Clues to the Past: Uncovering conservation secrets at the Burgie Glasshouse

In June, eighteen intrepid volunteers traveled to Scotland to help conserve a 1912 timber glasshouse on the ancient Burgie Estate. The task was not easy, but it seemed straightforward: Repair and clean the timber framing, paint and prime it, then replace the missing glass panes to restore its former beauty and function. In spite of the occasionally “dreich” Scottish weather, our “AstraGals” as they christened themselves, restored beauty to the old timber structure, and got the frame and the historic cast iron sanded, painted, and water-tight.

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Volunteer crew hard at work up on the scaffold!

 

But when eighteen people spend two weeks up-close and personal with a building, you’re bound to find some unexpected surprises…

All of the things we found challenged our ideas and preconceptions about what a historic greenhouse was “supposed” to look like. At first we didn’t look past the surface: everything was painted a crumbling, flaming white, which dovetailed easily with our own aesthetic that it was probably a crisp, glowing structure all of gleaming white paint and glass. But as soon as the first paint layers came off, it became clear this was not the whole story….

It began on Day One with the cast iron gutters, which were covered in peeling white paint and needed to be sanded down before being repaired and repainted. Within a few minutes, the power-sanders had penetrated the white paint and all the rust to reveal… a layer of deep green! This was particularly exciting because the other intact cast iron elements in the interior.. are also painted green. So now we have the idea that the green ventilator levers and brackets aren’t just an accent colour – we’re getting evidence of an actual paint scheme working within the greenhouse.

We were in two minds about the green thing. The trouble was, the green was the absolute bottom coat of all the layers. Generally, ironwork is and was painted with a priming coat of red lead paint, prior to the exterior layers being added. But here, we had to grapple with the question of whether perhaps for whatever reason, they used green paint to prime it, meaning that the visible layers would still have been white. OR, that perhaps the original installers cut some corners and didn’t prime it at all but painted the decorative green straight on.

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The poor gutters – they do look white though, don’t they?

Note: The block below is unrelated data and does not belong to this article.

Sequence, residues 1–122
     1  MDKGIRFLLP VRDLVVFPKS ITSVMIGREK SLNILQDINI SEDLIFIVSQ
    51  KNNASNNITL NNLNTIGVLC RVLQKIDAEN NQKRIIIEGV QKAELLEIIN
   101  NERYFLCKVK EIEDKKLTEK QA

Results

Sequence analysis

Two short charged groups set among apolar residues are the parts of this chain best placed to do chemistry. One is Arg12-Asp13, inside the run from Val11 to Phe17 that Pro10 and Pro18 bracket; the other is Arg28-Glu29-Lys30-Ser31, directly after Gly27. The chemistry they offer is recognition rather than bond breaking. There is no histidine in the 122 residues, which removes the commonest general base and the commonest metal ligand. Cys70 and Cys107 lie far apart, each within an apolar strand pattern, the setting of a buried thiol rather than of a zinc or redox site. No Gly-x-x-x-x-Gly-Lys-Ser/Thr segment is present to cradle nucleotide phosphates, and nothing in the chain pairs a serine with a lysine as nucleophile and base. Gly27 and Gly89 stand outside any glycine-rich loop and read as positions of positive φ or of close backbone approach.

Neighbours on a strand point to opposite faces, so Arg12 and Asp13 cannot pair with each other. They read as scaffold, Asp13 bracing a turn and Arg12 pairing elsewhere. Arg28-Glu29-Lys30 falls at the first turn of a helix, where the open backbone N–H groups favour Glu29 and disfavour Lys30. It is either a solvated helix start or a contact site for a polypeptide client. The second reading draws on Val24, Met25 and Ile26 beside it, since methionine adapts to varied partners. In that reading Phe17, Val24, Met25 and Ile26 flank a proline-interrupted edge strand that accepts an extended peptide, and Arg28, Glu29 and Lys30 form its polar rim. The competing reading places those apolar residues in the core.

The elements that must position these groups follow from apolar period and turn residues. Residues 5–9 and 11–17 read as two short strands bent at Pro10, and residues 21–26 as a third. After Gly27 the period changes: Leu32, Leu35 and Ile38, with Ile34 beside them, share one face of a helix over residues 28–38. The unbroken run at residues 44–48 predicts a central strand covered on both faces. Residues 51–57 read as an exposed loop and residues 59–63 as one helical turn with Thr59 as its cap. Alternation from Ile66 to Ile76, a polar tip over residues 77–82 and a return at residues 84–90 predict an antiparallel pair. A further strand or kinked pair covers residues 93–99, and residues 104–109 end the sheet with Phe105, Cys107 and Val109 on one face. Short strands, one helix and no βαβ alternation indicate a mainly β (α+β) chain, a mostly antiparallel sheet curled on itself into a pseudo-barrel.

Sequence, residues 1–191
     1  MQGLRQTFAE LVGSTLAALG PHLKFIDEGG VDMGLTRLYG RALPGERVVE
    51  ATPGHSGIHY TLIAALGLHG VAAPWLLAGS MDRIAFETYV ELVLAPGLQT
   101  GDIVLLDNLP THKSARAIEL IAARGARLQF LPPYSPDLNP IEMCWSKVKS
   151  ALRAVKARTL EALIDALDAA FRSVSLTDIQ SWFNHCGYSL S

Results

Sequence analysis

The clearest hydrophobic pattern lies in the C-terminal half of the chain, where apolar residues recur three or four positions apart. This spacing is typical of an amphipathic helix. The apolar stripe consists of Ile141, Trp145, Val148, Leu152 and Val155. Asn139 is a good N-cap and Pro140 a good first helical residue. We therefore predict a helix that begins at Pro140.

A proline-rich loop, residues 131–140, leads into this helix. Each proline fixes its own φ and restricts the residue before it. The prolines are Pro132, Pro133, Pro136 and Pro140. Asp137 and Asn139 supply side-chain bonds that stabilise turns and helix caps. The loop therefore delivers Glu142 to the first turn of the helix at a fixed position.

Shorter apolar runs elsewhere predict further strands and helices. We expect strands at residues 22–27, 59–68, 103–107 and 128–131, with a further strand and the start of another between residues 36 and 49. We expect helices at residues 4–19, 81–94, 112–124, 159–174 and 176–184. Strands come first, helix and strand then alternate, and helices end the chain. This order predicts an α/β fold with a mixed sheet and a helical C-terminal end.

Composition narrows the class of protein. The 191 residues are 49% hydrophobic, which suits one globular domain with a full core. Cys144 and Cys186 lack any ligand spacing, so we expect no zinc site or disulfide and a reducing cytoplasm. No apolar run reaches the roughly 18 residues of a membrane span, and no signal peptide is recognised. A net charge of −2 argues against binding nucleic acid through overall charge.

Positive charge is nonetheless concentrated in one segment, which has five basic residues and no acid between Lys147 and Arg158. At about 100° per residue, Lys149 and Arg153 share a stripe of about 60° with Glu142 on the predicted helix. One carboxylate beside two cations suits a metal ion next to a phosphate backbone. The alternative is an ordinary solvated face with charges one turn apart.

The glasshouse also has a decorative cast-iron finial on the roof ridge of the central house (there were formerly two matching finials, but one was stolen long ago…), and when we prised it off its base and started sanding down its white paint and rust, guess what we found… More green! Curiouser and curiouser…

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How many layers can you spot…?

Our volunteers spent two solid weeks face to face with the timber structure, sanding, chiseling, and repairing every spot they could reach, so it’s no surprise they picked up on things a casual observer might have passed right by. The glasshouse has stood for over a hundred years, and it’s definitely been repainted at least once in its lifetime. But, in some harder-to-reach corners, we were able to spot patches of what must have been the original paint – a very pale green! Now before we get carried away on the idea that the entire greenhouse was actually, well, green, I’m fairly certain that this was the original white lead paint that has aged to grey that just happens to have a greenish hue. Lead paints do tend to go greyer and paler as they age, as lead paint ages differently from modern oil or latex-based paints which crack. Lead-based paints powder away into a fine dust. So, for example, a door that was originally red would after a hundred years be much closer to pink.

Another exciting find was a decorative motif that still survived on some of the doors. Based on the flecks of paint still left, this curved ornament around the handles was originally a deep maroon, and even where the paint doesn’t survive well the outline of the motif is still clearly visible on most of the doors, indicating that it was pretty much ubiquitous throughout the glasshouse. It seemed a curious but distinctive feature, and when we mentioned it to Hamish, the owner, he told us that the Burgie Estate colour was, in fact, maroon.

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These maroon motifs were on almost every door in the greenhouse!

So there we had it, that little motif, that could so easily have been overlooked and carelessly sanded away, was a little piece of the original pride of Alexander Thompson’s new house and gardens. Just a little touch added, to say “Here I am – this beautiful building is mine.”

While the jury is still out on the original colour of the gutters and finial, the next conservation session definitely has plans to restore the maroon motifs to the doors. Paint samples were taken from various parts of the greenhouse to see if examination under a microscope revealed anything that our eyes couldn’t see, and I’m still slowly researching whether the green paint is more likely an exterior coat, or just a priming coat.

Another curious feature which I must have looked at a hundred times but never thought about, was the presence of little pulley wheels attached to certain parts of the greenhouse. Our brilliant volunteers theorised they could have belonged to adjustable blinds, which were sometimes used at greenhouses to provide shade in too-sunny conditions (in Scotland, seriously…?). This sounded plausible enough to me, though I didn’t know much about it, until a week later it turned out the AstraGals were right on the money!